This is an HTML rendering of a working paper draft that led to a publication. The publication should always be cited in preference to this draft using the following reference:
The refactorings that a good integrated development environment can perform are impressive. Yet, there are many reasons to master some cheap-and-cheerful alternative approaches. First, there will always be refactorings that your IDE won’t support. Also, although your IDE might offer excellent refactoring support for some programming languages, it could fall short on others. Modern projects increasingly mix and match implementation languages, and switching to a specialized IDE for each language is burdensome and inefficient. Finally, IDE-provided refactorings resemble an intellectual straightjacket. If you only know how to use the ready-made refactorings, you’ll miss out on opportunities for other code improvements.
In this column, I describe how you can harness the sophistication of your editor and the power of command-line tools to perform many simple refactorings on your own. As a bonus, you’ll see that you can write and run most of them in less time than is required to fire up your favorite IDE.
The basic tool for performing a refactoring within a file is the editor’s substitution command used in conjunction with regular expressions (see “Dear Editor,” IEEE Software, vol. 22, no. 2, 2005, pp. 14–15). In this section’s examples, I’m using the common Unix substitution syntax
s/old/new/ and vi’s regular expression syntax; other editors offer similar functionality. Splitting a simple method call into two can be as easy as typing
However, if the original method has arguments that must now be passed by the second method, you need to get creative and include the bracket in the substitution pattern in order to move the arguments to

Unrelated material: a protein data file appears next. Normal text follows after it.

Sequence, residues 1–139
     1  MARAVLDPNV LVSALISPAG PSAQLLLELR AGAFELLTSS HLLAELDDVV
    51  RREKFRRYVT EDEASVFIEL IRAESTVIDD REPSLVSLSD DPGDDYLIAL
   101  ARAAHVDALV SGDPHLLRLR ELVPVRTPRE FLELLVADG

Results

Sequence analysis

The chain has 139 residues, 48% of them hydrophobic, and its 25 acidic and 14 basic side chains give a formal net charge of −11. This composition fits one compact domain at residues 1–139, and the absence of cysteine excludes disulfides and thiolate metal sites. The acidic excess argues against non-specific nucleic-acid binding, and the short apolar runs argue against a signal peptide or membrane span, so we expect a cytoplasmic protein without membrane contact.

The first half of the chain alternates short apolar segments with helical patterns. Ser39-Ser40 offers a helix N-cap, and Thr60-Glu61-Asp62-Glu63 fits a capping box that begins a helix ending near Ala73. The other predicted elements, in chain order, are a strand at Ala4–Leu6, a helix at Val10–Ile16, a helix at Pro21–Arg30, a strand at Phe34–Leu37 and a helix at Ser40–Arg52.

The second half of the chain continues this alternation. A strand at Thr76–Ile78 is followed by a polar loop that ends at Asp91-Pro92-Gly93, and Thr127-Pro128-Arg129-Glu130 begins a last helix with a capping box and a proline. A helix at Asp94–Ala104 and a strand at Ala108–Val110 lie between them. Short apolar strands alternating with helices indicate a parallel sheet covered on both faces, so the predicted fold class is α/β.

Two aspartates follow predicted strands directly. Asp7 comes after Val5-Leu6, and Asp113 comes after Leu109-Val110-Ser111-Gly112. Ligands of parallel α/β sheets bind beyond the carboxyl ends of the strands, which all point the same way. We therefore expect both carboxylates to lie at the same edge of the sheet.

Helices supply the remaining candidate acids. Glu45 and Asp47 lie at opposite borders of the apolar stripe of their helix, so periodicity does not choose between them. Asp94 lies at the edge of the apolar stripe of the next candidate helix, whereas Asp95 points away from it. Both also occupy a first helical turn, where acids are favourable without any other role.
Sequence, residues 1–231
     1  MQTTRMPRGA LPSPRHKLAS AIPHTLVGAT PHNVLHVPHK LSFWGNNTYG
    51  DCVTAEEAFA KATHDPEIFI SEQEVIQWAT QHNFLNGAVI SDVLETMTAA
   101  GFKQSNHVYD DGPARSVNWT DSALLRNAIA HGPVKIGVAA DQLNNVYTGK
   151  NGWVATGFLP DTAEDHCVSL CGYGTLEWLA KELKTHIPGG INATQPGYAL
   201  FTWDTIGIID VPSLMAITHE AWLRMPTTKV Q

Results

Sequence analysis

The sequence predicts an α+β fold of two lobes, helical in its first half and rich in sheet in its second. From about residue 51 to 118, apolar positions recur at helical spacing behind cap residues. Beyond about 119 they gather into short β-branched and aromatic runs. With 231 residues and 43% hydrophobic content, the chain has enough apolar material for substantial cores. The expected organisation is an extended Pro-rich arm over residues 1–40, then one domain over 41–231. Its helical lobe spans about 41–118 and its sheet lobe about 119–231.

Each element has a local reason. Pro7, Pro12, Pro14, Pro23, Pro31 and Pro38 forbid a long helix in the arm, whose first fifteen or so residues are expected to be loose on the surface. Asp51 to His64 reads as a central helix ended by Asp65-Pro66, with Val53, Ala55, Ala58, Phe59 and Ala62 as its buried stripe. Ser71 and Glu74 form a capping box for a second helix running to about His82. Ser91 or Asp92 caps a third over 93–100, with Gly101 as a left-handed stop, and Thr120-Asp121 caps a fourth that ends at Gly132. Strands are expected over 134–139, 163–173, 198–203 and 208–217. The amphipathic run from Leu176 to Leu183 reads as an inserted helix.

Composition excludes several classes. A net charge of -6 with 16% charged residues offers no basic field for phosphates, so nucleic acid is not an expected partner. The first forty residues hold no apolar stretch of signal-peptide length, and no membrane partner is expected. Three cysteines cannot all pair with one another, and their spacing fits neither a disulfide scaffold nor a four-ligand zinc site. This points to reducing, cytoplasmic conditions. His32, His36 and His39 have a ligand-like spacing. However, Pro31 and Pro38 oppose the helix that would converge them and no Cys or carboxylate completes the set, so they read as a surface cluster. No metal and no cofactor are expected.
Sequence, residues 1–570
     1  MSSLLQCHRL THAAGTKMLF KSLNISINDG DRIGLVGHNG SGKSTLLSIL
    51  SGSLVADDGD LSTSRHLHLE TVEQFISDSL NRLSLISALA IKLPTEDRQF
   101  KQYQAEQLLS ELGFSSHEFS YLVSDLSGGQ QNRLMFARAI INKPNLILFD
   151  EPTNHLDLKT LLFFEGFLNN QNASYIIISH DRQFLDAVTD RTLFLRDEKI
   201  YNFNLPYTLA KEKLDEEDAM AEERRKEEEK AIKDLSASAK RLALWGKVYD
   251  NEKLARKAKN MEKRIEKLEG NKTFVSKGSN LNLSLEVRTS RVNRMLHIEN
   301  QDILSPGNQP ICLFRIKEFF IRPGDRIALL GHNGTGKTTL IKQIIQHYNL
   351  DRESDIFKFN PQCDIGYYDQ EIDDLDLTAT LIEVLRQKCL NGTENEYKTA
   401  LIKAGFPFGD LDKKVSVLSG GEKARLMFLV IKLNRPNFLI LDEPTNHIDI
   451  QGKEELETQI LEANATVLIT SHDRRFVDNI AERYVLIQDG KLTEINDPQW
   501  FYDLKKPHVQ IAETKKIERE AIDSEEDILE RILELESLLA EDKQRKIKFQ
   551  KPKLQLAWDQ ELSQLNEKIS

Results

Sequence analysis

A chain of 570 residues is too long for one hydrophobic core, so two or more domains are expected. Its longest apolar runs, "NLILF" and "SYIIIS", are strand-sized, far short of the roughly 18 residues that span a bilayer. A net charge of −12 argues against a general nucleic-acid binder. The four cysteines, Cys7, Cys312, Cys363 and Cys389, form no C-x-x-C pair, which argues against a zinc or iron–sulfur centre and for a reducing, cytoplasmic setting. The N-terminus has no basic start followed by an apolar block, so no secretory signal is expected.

Regular expressions aren’t powerful enough to parse a typical programming language, so you’ll often have to resort to tricks like this one to handle brackets and braces. Another useful regular expression substitution technique involves capturing part of the old pattern and reusing it in the new string. For instance, if you want to change calls to the function
raiseRating, where its first argument is a variable representing an object, into method calls, you might give a command like
Here, the text within the first
\(\) pair will get stored in a regular expression variable, which you can then employ in the substitution pattern using
[^,]* idiom inside the brackets matches everything up to the first comma. Again, this isn’t bullet-proof—some legitimate expressions might contain a comma—but it works 95 percent of the time (or does 95 percent of the job).
Capitalizing on the regularity of the text you process can save a lot of pain. The following will transform named HTML headers into list-item hyperlinks:
I use it regularly to keep the questions and answers in my FAQ documents in sync. It works only because I write the headings on a single line, but the nearest robust alternative (XSLT) would require prohibitively more work.
Quite often, you’ll want to apply substitution commands not to a single file but to all files in a directory or throughout your project. The canonical way to do this under Unix (and also Mac OS X and Microsoft Windows with an installation of Cygwin) is to use the stream editor sed. This can take as an argument some editing commands and apply them to the files you specify. Modern versions of sed can perform a substitution in place. Thus, with a command like
you can change
Person on all Scala files in the current directory whose name starts with
proc. You can precede the substitution command s by one or two regular expressions to specify the lines or a range of lines on which the command will apply. If you wanted to change
getWidgetReference in all C++ lines containing
const_iterator, you’d run
Moreover, if you wanted to change
buildProxy only within javadoc block comments in all Java files in the current directory, you’d run
The Perl and Ruby scripting languages also offer in-place substitution functionality through command-line invocation options, and their expression evaluators allow you to perform more sophisticated processing. The following command changes the first argument of